gRPC and HTTP are two popular models of API design used by software developers worldwide. But which one should you choose? Here’s a detailed comparison between them.
gRPC (gRPC Remote Procedure Calls) is an open-source remote procedure call (RPC) system initially developed at Google in 2015. It uses HTTP/2 for transport, Protocol Buffers as the interface description language, and provides features such as authentication, bidirectional streaming and flow control, blocking or nonblocking bindings, and cancellation and timeouts. It generates cross-platform client and server bindings for many languages. The most common usage scenarios include connecting services in microservices style architecture and connecting mobile devices, browser clients to backend services.
- gRPC messages are serialized using Protocol buffer, a binary message format. Protobuf serializes quickly on the server and client.
- The gRPC specification is prescriptive about the format a gRPC service must follow.
- gRPC allows clients to specify how long they are willing to wait for an RPC to complete.
- It’s not possible to directly call a gRPC service from a browser.
- Protobuf’s binary format isn’t human-readable.
Representational state transfer (REST) is a software architectural style that defines a set of constraints to be used for creating Web services. Web services that conform to the REST architectural style, called RESTful Web services, provide interoperability between computer systems on the internet. RESTful Web services allow the requesting systems to access and manipulate textual representations of Web resources by using a uniform and predefined set of stateless operations. Other kinds of Web services, such as SOAP Web services, expose their own arbitrary sets of operations.
- It is simple to build and adapt.
- Low use of resources.
- With the initial URI, the client does not require routing information.
- Process instances are created explicitly.
- It is synchronous, request/response protocol.
- Latency in request processing times.
- High bandwidth usage.
Comparison Between REST/HTTP and gRPC
|1.||REST/HTTP uses HTTP 1.1 as its underlying Transport Protocol||gRPC uses HTTP 2 as its underlying Transport Protocol|
|2.||REST uses JSON, which is text and larger||gRPC uses Protocol buffer to serialize payload data, which is binary and smaller.|
|3.||REST, it’s often loose and optional. It can be defined via OpenAPI but it is not mandatory.||The API contract in gRPC is strict and required to be clearly defined in the proto file.|
|4.||In REST, we must use a third-party tool like OpenAPI and Swagger||Code generation is built-in in gRPC with the help of protocol buffer compiler|
|5.||There is only one way request i.e from client to server in REST||Streaming is Bi-directional in gRPC|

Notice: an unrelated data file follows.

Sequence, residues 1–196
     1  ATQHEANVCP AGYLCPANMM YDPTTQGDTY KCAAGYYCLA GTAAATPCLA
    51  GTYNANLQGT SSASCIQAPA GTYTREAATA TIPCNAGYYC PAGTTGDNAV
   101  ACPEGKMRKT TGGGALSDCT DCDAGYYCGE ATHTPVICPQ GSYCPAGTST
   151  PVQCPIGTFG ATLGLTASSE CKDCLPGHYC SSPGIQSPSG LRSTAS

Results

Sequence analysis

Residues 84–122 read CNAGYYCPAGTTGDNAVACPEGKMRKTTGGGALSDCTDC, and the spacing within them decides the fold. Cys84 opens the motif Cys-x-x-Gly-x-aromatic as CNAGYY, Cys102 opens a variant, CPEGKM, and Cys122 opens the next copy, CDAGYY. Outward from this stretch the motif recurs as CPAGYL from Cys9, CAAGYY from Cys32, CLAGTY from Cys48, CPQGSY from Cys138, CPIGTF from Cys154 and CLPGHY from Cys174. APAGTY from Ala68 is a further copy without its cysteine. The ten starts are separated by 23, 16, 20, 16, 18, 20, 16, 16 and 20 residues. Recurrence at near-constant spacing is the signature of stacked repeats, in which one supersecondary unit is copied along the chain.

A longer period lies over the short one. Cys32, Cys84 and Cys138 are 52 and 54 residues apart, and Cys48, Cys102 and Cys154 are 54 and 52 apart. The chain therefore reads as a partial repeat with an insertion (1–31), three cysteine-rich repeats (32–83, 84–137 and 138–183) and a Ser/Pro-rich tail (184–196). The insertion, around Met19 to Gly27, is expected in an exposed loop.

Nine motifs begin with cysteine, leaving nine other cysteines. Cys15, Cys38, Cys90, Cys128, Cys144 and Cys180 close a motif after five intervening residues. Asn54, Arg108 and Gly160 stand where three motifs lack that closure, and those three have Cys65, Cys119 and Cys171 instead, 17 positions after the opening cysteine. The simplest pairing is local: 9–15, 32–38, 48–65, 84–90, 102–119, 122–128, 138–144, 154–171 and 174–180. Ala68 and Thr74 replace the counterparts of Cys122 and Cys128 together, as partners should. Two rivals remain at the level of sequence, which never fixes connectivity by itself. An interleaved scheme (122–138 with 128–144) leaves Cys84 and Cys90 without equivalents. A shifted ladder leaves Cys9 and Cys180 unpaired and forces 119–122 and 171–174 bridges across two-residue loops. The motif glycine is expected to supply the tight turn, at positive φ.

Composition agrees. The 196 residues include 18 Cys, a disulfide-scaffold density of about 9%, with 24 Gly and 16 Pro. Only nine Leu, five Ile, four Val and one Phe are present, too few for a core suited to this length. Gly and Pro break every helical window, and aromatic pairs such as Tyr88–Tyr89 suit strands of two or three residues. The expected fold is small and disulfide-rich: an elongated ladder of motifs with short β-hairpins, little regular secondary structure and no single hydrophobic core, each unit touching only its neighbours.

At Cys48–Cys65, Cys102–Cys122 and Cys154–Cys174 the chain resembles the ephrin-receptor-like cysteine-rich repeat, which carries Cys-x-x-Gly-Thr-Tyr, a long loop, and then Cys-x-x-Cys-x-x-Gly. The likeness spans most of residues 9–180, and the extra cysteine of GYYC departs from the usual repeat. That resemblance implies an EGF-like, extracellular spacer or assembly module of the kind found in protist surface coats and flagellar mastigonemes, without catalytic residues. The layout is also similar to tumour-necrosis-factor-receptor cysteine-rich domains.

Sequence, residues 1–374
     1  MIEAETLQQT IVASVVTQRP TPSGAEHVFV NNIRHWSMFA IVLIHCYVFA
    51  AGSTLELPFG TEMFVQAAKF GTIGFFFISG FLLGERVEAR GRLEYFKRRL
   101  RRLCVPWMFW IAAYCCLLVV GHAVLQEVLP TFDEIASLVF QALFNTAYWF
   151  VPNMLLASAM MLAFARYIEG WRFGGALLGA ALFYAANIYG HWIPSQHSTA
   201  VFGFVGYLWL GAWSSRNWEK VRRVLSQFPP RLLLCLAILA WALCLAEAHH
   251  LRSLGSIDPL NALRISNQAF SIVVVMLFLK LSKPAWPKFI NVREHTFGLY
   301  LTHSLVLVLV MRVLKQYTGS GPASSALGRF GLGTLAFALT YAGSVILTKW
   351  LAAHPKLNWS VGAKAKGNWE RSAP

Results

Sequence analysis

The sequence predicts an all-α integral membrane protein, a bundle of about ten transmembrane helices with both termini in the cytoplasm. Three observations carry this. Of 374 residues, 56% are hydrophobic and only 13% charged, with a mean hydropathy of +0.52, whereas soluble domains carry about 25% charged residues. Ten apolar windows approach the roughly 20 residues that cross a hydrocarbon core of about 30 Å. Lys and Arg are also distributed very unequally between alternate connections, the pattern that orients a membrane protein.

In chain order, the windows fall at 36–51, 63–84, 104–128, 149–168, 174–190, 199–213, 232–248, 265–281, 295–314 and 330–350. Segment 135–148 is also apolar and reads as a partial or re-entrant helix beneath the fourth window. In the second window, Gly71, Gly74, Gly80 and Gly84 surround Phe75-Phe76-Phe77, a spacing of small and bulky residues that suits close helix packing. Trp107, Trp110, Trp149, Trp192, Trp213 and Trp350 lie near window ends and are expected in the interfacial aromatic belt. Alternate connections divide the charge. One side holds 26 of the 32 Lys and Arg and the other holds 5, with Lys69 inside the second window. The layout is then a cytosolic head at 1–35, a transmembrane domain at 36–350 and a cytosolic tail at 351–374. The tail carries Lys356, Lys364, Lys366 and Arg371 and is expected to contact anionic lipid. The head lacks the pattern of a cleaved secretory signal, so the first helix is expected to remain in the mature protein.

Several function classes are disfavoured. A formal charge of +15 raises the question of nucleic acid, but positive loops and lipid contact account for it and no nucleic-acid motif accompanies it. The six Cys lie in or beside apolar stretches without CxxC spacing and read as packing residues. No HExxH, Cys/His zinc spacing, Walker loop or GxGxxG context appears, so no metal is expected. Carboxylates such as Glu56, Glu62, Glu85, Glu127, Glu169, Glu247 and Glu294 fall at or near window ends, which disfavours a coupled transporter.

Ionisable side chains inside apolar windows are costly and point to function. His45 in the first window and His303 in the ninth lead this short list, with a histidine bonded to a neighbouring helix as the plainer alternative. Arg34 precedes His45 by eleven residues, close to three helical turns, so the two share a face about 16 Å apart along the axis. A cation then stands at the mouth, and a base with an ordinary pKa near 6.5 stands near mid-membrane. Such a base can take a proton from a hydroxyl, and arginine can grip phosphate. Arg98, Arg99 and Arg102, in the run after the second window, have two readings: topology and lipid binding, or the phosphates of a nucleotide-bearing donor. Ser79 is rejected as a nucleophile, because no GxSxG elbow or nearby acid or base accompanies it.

|6.||REST is supported by all browsers around the world||gRPC requires gRPC-web a proxy layer to convert from HTTP 1.1 to HTTP 2|
|7.||Higher Latency and Slower||Lower Latency and High Throughput|
Latency and Performance:
|S. No.||Time Required For||Latency (s)||Latency (s)||System Specs|
|1.||Conversion of Image to Request Format||0.56||0.06||On All Systems Specifications|
|2.||Inference of EfficientDet-D1||0.47||0.41||Intel Core i7 6th gen i7-6600U @2.60GHz|
|3.||Inference of EfficientDet-D0||0.34||0.32||Intel Core i7 6th gen i7-6600U @2.60GHz|
|4.||Inference of EfficientDet-D2||0.61||0.54||Intel Core i7 6th gen i7-6600U @2.60GHz|
|5.||Inference of EfficientDet-D3||0.82||0.76||Intel Core i7 6th gen i7-6600U @2.60GHz|
|6.||Inference of EfficientDet-D4||1.23||1.04||Intel Core i7 6th gen i7-6600U @2.60GHz|
|7.||Inference of EfficientDet-D0||0.54||0.48||Intel Core i7 6th gen i7-6500U @2.50GHz|
|8.||Inference of EfficientDet-D1||0.49||0.75||Intel Core i7 6th gen i7-6500U @2.50GHz|
|9.||Inference of EfficientDet-D2||1.90||1.20||Intel Core i7 6th gen i7-6500U @2.50GHz|
|10.||Inference of EfficientDet-D3||2.97||2.31||Intel Core i7 6th gen i7-6500U @2.50GHz|
|11.||Inference of EfficientDet-D4||5.21||3.94||Intel Core i7 6th gen i7-6500U @2.50GHz|
Low Latency and high throughput communication and Strong API Contract
2. Polyglot Environments
Code generation out of the box for many languages
3. Point to Point Real-Time Communications
Excellent support for bidirectional streaming
4. Network Constrained Environments
Lightweight message format
1. Use of a Uniform Interface (UI)
Resources should be uniquely identifiable through a single URL, and only by using the underlying methods of the network protocol, such as DELETE, PUT and GET with HTTP, should it be possible to manipulate a resource.
2. Client-server Based
There should be a clear delineation between the client and the server. UI and request-gathering concerns are the client’s domain. Data access, workload management, and security are the server’s domain. This loose coupling of the client and server enables each to be developed and enhanced independently of the other.
3. Stateless Operations
All client-server operations should be stateless, and any state management that is required should take place on the client, not the server.
4. RESTful Resource Caching
All resources should allow caching unless explicitly indicated that caching is not possible.
5. Layered System
REST allows for an architecture composed of multiple layers of servers.
6. Code on Demand
Most of the time, a server will send back static representations of resources in the form of XML or JSON. However, when necessary, servers can send executable code to the client.